6 Apr 2018

According to the property consultancy firm Urbis, 45 new self-storage facilities are in the pipeline across the three eastern seaboard capitals, Adelaide, Perth and the Gold Coast – a 10 to 12 per cent increase in existing supply based on available lockers.

Of these new facilities, 20 are under construction and a further 15 have received development approval.

“It’s the highest level of self-storage development activity we have ever observed,” Urbis senior valuer Tim Creighton said.

In its latest Urbis Storage Index report, the firm says average eastern seaboard occupancy levels have fallen by 2 percentage points over the last six months, from 87 per cent to 85 per cent.

At around 82 per cent, Sydney and Brisbane’s occupancies lag Melbourne’s 89 per cent.

Perth is a notable underperformer with occupancy of only 72 per cent, reflecting the mining state’s “more constrained economic conditions.”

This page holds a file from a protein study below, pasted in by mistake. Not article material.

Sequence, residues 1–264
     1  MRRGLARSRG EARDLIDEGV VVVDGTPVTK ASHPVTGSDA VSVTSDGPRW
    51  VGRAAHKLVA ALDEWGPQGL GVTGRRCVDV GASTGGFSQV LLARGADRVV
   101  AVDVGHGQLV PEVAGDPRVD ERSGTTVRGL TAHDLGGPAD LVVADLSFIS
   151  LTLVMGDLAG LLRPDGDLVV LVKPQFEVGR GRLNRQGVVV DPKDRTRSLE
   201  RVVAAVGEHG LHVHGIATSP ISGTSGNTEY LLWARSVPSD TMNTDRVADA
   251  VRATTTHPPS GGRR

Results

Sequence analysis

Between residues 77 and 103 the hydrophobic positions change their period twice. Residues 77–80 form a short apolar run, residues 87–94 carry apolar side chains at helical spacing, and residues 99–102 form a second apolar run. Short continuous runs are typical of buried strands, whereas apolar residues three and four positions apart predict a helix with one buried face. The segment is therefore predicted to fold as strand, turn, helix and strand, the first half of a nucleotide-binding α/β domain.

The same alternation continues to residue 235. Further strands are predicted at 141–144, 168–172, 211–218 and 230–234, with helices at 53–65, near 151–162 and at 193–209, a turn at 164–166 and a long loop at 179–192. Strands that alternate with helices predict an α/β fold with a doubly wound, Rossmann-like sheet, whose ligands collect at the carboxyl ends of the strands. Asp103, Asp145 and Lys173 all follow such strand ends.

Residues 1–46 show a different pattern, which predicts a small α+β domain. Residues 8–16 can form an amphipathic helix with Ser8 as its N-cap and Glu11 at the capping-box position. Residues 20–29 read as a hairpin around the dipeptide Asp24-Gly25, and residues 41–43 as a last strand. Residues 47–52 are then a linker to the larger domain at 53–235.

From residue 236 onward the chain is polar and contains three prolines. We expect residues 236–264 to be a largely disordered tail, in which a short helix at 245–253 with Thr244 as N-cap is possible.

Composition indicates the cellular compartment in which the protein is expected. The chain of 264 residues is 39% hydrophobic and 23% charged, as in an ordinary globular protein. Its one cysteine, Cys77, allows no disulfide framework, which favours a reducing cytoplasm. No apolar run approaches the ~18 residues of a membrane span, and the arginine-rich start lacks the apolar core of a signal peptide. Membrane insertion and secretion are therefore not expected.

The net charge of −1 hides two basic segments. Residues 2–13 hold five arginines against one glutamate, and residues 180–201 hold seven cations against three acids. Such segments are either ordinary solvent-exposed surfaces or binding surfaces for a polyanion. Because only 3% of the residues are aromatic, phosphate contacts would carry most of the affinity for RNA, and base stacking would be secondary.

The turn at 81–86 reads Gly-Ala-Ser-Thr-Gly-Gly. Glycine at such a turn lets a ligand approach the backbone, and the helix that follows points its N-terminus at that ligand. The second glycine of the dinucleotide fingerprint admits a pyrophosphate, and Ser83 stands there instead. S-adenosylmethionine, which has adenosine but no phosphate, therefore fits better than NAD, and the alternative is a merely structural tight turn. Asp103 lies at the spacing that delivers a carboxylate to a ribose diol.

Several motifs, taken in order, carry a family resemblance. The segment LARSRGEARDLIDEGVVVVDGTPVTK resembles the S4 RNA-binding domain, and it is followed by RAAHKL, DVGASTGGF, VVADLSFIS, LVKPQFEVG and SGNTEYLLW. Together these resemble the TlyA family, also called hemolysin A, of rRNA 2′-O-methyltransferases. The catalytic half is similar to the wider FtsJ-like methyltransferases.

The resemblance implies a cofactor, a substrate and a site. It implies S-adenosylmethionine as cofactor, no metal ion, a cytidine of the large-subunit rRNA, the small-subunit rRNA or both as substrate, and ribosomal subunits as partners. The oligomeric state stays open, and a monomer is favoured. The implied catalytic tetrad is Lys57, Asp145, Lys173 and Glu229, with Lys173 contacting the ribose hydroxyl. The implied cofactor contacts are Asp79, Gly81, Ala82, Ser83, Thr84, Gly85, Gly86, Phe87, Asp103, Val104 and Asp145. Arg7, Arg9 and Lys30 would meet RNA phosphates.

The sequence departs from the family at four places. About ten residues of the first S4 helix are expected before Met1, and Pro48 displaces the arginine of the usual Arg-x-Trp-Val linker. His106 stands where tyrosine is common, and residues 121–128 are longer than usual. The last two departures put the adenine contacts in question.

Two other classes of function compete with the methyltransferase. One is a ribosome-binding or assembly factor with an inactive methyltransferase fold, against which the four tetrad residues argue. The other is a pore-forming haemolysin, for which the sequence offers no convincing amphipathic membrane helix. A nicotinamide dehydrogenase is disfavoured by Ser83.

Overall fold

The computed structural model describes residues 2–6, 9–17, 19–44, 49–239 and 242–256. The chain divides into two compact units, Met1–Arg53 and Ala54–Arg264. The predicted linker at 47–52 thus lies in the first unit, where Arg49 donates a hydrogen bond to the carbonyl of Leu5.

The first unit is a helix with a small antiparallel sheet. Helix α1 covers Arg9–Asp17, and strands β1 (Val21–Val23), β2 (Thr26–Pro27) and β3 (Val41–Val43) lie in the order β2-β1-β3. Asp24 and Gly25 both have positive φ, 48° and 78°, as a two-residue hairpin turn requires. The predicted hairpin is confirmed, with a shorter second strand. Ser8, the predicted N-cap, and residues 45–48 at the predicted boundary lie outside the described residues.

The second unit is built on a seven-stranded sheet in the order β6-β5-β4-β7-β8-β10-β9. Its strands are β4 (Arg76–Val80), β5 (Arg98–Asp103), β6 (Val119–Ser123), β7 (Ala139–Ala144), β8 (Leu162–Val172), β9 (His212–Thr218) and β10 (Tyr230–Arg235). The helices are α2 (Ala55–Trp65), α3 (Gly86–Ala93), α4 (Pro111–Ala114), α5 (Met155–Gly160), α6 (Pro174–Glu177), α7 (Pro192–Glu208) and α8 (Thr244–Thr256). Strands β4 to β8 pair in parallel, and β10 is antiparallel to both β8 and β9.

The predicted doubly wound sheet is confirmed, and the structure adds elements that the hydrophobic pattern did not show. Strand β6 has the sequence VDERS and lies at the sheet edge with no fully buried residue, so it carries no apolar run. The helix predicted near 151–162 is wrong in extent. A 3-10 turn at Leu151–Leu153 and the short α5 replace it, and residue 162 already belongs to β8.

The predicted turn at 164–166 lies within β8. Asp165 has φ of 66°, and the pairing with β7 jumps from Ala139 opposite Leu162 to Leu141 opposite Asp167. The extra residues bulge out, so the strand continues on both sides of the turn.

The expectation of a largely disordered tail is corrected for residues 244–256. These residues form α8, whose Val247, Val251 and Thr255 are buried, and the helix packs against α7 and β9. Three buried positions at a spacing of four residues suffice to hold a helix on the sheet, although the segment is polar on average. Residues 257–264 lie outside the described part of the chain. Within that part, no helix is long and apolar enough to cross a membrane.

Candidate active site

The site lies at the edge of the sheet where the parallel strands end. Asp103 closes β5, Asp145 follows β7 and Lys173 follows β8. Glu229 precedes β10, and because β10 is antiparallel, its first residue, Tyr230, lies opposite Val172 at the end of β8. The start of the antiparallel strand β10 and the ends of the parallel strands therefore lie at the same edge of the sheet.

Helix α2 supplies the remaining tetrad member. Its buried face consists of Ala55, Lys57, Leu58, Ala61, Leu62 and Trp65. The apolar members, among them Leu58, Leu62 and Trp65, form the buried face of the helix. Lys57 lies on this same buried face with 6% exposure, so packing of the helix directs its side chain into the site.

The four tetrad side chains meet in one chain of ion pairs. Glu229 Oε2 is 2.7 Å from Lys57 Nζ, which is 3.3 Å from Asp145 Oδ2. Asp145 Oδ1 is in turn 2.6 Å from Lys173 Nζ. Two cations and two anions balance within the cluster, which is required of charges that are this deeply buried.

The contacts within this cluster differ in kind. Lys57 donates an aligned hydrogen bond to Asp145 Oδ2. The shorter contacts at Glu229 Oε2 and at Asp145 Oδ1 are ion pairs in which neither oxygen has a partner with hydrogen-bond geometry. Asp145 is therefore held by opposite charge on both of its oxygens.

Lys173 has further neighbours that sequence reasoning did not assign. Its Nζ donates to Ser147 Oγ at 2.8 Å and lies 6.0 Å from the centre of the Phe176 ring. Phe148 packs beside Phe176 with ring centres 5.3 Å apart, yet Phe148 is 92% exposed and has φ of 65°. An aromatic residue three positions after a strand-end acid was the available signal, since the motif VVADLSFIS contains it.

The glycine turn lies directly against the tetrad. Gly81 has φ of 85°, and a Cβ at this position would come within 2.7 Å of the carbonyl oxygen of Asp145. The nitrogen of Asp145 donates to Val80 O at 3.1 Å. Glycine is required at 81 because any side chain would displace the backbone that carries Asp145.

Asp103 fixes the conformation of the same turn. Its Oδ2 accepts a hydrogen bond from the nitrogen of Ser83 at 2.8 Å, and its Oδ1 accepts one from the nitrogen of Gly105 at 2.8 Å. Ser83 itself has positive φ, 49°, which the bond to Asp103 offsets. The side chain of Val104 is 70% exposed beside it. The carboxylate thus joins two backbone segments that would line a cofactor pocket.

It’s the highest level of self-storage development activity we have ever observed.

But while average occupancy levels have decreased, average storage fees have increased by 3.4 per cent to $341 per square metre across the eastern seaboard – well above the inflation rate.

“It’s important to look at both variables when assessing the trading performance of a facility,” Mr Creighton said.

Given the lead time between development approval and practical completion, any oversupply issues would take some years to emerge and were likely to be confined to specific markets.

“Self-storage facilities are local businesses, new facilities 15 kilometres away will not be of operational concern,” he said.

“But trading issues will arise when new facilities open in customer catchment areas (of existing facilities) that do not have the required levels of additional self-storage demand.”

Mr Creighton said new supply in Sydney was centred around the north-west growth area, with seven new facilities slated over the next three years in locations including Marsden Park, Box Hill and Rouse Hill.

The above is a snippet from the original article published by The Age.  Read the full article here.